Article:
Monday, July 6, 2015

Seasonality, The Heart Of A Boeing Forecast

When making statistical projections seasonality skews the projection according to what may occur if the statistical influences are added to the math model for projecting outcomes. The reason both Airbus and Boeing come up with different results is based on different seasonal variables. These can include many affects on the not so straight line assumption of how many aircraft will be ordered. Below are a few seasonal indices affecting a twenty year forecast.
  • Fuel Market
  • Economic Stability 
  • Labor Market
  • Financial Market 
  • Demand Constraint
  • Supply Constraint
These are just to name a few where a statistical model factors in each of these seasonal influences, smoothing the outcome, and  apportioning its influences in the forecast. With all these variables the manufacturer who makes its proclamations about the airplane market futures; comes up with a plausible outcome, which reasonably affixes a demand for just a general prediction for customers who will need an airplane through til 2034.  Each years projection updates the date range. During 2016 the date range will go through 2035. Each succeeding year's forecast will include the "n"th year twenty years out. If going longer than twenty the forecast suppositions starts to lose accuracy and relevance. In fact a ten year forecast is a better predictability reliance than twenty years. The narrower the time range, the better the forecast will match what actually occurs. 

It's just like the weather forecast. Having a 72 hour weather window is an excellent method for predictability, and usually a most accurate forecast. Adding seasonality factors into the weather forecast can extend a reasonable reliance 30 days out with high confidence. The Confidence component is another statistical tweak which continues to enhance a more accurate outcome by defining a range of accuracy expected. A ninety day weather forecast becomes closer to a guess with some  seasonality influences and is less reliable. The further a statistical forecast goes out the more unstable the outcome accuracy becomes compared to what will really happen.

A statistical Airplane model would have to include some seasonal factors, including the affects of  War or Depression.  It would include additions with more extensive seasonality factoring with any 20 year model. The 20 year prediction  reels its long range seasonality influences when adding those factors to an forecast outcome. A complexity of factors become so unstable and whimsical that it becomes a useless model if too many seasonal consideration are applied. The only sanity in the process is doing a year to year with a twenty year range. War and depression forecasts are similar to predicting the next earthquake. Therefore, why predict the airplane market dynamics during the next twenty years using "earthquake data" in its forecast model? It is more solid to use straight forward industry growth projections and social and economic indicators in the model, which are a manageable, and a reasonable resource for projecting the next twenty years from year to year reports.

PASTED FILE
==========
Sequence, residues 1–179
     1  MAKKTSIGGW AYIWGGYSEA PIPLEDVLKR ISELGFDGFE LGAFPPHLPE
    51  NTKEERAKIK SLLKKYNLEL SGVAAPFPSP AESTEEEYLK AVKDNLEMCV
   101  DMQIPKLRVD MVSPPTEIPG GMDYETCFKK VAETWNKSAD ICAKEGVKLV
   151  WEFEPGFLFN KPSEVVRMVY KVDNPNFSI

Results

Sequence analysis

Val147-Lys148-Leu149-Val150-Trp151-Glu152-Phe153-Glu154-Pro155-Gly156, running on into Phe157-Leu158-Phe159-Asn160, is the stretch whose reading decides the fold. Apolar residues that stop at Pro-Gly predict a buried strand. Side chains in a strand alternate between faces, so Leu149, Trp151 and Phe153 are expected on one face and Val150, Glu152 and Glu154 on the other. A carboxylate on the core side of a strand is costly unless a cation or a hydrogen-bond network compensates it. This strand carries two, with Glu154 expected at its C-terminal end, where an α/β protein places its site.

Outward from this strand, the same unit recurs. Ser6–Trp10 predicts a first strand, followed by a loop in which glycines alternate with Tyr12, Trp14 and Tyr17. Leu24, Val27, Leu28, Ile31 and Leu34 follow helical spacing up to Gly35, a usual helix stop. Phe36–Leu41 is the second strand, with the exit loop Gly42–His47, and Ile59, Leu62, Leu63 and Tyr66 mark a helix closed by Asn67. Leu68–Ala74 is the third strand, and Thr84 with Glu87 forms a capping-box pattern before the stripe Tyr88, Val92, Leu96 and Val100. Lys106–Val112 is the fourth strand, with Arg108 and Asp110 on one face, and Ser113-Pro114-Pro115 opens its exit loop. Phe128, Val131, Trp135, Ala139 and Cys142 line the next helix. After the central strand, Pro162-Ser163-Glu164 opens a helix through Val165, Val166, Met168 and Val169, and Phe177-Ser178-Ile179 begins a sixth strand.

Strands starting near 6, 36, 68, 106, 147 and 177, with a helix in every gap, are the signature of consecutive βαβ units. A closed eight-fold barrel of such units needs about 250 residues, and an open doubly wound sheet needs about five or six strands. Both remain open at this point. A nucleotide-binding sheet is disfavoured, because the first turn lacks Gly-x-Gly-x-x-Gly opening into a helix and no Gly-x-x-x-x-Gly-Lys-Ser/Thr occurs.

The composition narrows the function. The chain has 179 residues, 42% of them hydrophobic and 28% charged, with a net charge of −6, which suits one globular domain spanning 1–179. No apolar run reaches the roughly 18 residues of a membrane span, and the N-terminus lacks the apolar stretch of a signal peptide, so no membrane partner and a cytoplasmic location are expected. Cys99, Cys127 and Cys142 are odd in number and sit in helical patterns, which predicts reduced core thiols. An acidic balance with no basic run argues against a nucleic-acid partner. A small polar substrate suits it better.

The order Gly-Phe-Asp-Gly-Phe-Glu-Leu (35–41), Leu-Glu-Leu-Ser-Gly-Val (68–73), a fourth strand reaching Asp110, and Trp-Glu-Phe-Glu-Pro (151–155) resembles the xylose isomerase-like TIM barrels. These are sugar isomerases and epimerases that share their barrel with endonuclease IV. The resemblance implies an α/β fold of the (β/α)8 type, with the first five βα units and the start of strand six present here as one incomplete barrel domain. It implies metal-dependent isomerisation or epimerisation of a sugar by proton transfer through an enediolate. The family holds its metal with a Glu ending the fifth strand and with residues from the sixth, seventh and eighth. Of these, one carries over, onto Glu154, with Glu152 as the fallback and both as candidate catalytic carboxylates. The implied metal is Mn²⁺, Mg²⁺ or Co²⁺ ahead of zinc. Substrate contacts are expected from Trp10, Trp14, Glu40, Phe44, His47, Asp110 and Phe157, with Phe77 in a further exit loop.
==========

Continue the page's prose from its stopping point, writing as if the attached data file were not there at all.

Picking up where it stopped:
A reasonable answer from forecasting should be simple and should be part of every participant from the industry. Remember in the weather forecast example above, the first 72 hours are usually a golden prediction,  with only having a few degrees of temperature variance from what actually is recorded when it happens. A week long weather report becomes plausible and fairly reliable. A month long weather outlook is a best information outcome with all the seasonal bells and whistles included. It even has its own forecast within the forecast. How reliable and how accurate will the outcome actual match the forecast is another forecast in itself. That is known as the confidence factor. A twenty year forecast has a broader spectrum for its confidence when calculating what the market will become. Hence an annual forecast keeps updating the Airplane industry's "weather report", adding on a year. It is similar to what the news contemplates when conducting your own local weather reporting. The importance of the Airplane forecast is those first five years and how Boeing sees it. Those years are the most accurate and are within a customers own five year financial plans. 

It then becomes important to a customer, supplier, or financial markets, to take into consideration the first five year window of a Boeing 20 year market prediction.

It also important for development teams, innovators and industry planners to take into account the 5-10 year segment of what Boeing predicts. It takes that much time for completing innovation steps, allowing for maturing, and plant facility growth to occur. The last ten years of the prediction, is an over-arching case-maker when organizations are proposing a quantified change affected by predicted demand quotient.

Boeing doesn't claim absolute accuracy, but does claim all things considered you can expect 22,000 units from here to 2034. Next year it will be from then to 2035. Airbus smooths it out a little less perhaps accommodating a seasonal decline on its own narrow body demand during the next twenty years.